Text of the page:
On the night of September 22 2008, I had the privilege of attending the Canadiens' first preseason game of the 2008-09 season, against the rival Boston Bruins at Halifax’s Metro Centre, 20 minutes from my home in Lower Sackville.
This was a big treat for a long-time Canadiens fan like me, who has been lucky enough to watch every game on TV. Unfortunately, I was in for the thumping of a life time, as the Habs were pounded 8-3.
But after the game, the score was hardly on my mind.
Late in the game, I had spotted a large group of men in expensive suits seated in the upper bowl, one section away from where I was seated. Some were watching the game, others were typing vigorously away on their blackberries, and some were just staring off blankly or joking around with friends. This is the first sign of healthy scratches for a sports team.
Knowing that the Canadiens scratches had stayed in Montreal for the night, I looked for the first sign of Bruins, and I found one. A 6’9” Zdeno Chara had his massive legs sprawled across the row of seats in front of him.
I quickly became excited by the fact that the entire Boston squad was just a section away from me. Then I spotted Michael Ryder, who was somewhat off by himself against the far wall. I figured “Hey what the hell?” and armed with my sharpie and wearing my red Canadiens jersey, I headed off to the other section.
Now yes I realize that Ryder is no longer a part of the Canadiens roster and has long since joined the Bruins—but when you live in Nova Scotia, your chances of run-ins with NHL-caliber players are slim to none.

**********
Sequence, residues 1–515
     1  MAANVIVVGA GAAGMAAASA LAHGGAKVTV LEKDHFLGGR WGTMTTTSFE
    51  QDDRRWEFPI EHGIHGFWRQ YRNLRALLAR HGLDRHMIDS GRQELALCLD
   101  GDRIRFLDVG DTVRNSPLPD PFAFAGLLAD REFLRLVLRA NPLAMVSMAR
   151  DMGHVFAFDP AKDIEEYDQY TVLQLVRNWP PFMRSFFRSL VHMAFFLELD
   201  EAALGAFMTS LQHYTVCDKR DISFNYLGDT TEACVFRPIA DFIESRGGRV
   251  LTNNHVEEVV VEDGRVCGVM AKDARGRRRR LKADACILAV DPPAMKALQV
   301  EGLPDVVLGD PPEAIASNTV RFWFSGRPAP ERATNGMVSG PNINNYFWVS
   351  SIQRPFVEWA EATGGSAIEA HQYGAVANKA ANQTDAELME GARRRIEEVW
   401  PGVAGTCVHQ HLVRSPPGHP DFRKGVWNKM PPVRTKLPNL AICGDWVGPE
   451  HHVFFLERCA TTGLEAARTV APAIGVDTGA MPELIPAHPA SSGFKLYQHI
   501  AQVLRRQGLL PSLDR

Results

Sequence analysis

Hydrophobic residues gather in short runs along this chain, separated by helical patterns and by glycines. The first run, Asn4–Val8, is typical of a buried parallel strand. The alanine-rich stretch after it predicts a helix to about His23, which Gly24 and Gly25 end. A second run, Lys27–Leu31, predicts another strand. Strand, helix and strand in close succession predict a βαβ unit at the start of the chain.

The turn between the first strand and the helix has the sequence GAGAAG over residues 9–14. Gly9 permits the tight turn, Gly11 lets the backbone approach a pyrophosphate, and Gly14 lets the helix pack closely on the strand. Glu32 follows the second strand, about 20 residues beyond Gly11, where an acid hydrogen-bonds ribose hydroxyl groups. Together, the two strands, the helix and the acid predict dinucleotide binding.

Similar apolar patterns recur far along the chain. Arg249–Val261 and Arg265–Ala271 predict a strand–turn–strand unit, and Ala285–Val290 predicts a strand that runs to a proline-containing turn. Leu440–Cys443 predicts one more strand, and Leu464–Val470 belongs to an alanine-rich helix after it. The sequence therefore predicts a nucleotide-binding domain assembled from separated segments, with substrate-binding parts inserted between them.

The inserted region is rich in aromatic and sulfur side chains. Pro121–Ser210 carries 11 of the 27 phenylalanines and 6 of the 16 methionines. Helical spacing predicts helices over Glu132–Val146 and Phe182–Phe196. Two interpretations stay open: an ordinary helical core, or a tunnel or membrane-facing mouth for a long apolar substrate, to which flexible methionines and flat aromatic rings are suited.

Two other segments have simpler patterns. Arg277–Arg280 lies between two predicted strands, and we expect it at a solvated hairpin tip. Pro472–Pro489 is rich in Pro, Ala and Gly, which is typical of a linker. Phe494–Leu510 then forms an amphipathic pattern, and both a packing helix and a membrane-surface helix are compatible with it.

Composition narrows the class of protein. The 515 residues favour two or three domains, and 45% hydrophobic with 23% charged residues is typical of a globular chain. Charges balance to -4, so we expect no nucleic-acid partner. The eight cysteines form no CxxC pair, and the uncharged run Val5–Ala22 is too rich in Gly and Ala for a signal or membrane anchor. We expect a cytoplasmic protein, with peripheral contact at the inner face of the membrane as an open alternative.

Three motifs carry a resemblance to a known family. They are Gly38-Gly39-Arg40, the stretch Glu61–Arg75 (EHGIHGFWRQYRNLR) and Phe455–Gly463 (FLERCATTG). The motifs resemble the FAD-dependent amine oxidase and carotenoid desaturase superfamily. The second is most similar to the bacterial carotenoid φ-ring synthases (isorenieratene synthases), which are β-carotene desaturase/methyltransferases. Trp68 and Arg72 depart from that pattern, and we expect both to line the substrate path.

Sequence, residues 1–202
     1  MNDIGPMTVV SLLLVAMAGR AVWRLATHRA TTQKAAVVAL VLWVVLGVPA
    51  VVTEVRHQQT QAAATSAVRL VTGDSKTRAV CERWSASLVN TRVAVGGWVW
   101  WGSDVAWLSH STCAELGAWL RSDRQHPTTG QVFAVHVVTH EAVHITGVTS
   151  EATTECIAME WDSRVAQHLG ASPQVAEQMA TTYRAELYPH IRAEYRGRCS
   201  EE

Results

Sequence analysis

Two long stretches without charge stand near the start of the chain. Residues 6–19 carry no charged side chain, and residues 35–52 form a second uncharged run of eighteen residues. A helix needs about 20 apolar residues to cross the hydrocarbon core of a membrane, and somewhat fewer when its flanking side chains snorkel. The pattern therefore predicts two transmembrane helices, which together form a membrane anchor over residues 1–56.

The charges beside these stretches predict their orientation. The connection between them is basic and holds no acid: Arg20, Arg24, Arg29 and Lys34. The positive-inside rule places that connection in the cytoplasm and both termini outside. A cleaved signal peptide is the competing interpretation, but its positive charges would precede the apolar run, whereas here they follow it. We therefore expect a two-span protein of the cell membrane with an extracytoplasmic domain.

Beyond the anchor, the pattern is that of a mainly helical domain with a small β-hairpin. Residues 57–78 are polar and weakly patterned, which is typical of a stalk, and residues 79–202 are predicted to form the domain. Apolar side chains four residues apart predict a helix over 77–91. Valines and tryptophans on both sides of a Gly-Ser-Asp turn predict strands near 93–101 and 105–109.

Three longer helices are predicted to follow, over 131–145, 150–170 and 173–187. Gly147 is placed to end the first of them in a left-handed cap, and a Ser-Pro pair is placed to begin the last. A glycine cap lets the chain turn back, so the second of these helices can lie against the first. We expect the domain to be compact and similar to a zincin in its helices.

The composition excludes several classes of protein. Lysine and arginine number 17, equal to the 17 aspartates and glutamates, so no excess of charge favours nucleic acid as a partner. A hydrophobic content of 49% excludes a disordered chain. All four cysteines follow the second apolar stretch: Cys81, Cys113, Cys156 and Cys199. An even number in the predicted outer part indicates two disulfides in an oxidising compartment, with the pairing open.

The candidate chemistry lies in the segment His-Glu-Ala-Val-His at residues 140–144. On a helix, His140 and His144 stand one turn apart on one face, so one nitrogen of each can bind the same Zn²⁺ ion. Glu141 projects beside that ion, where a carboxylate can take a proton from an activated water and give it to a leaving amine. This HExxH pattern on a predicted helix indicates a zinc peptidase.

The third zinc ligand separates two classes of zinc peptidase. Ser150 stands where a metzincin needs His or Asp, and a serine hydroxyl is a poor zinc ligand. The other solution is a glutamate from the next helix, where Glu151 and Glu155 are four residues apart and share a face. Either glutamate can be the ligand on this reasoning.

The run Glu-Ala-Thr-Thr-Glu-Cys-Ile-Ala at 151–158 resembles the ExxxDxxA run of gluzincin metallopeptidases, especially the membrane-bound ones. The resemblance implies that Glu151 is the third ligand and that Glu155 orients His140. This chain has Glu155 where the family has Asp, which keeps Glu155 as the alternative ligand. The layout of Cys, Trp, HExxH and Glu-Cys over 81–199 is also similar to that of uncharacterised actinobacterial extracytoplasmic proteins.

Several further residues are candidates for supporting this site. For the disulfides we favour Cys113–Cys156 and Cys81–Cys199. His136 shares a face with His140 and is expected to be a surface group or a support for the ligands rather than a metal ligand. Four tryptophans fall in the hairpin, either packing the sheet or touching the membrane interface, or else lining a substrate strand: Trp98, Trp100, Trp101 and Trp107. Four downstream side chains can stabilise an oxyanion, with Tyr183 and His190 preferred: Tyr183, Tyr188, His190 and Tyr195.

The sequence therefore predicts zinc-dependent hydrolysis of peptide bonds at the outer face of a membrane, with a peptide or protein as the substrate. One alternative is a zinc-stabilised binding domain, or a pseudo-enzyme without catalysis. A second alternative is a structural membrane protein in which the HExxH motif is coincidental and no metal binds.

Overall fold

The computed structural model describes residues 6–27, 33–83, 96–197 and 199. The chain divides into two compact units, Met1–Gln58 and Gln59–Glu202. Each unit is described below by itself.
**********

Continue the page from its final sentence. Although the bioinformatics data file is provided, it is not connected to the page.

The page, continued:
As I approached him, I waited for a couple of Bruins fans whose backs he was signing. When they verged off, I asked if he indeed was Michael Ryder—despite the fact that I clearly knew he was. He said he was, and I introduced myself and asked if he would sign my Canadiens jersey.
He laughed and asked why I would want him to sign that. I explained myself as I sat next to him. Eventually, he said he would not sign the Canadiens jersey, unless it was his name and number, or a Bruins jersey. I never did get a reason from him other than that he didn’t play for them anymore, but I clearly assumed it was because he wanted to put the Habs behind him—way behind him.
Upon leaving, I shook his hand and wished him a good season, and he thanked me. I fully understood his reason for not autographing the jersey. As I walked away, I forgot all about the brutal score, and instead thought about how cool it was to have my first conversation with a NHL player.
I will always remember that moment, despite that it probably left his mind 10 minutes after I left. I’ll always be keeping an eye on how he does this upcoming season, as I always do with past Canadiens players, and when I wished him luck I truly meant it.
But as I watch him in the Bruins line up against the Habs this up coming season, there will always be a tiny part of me who just wants to see him getting flattened by one of the Canadiens.
Good luck this season Mike—you and the Bruins are going to need it! : ) : P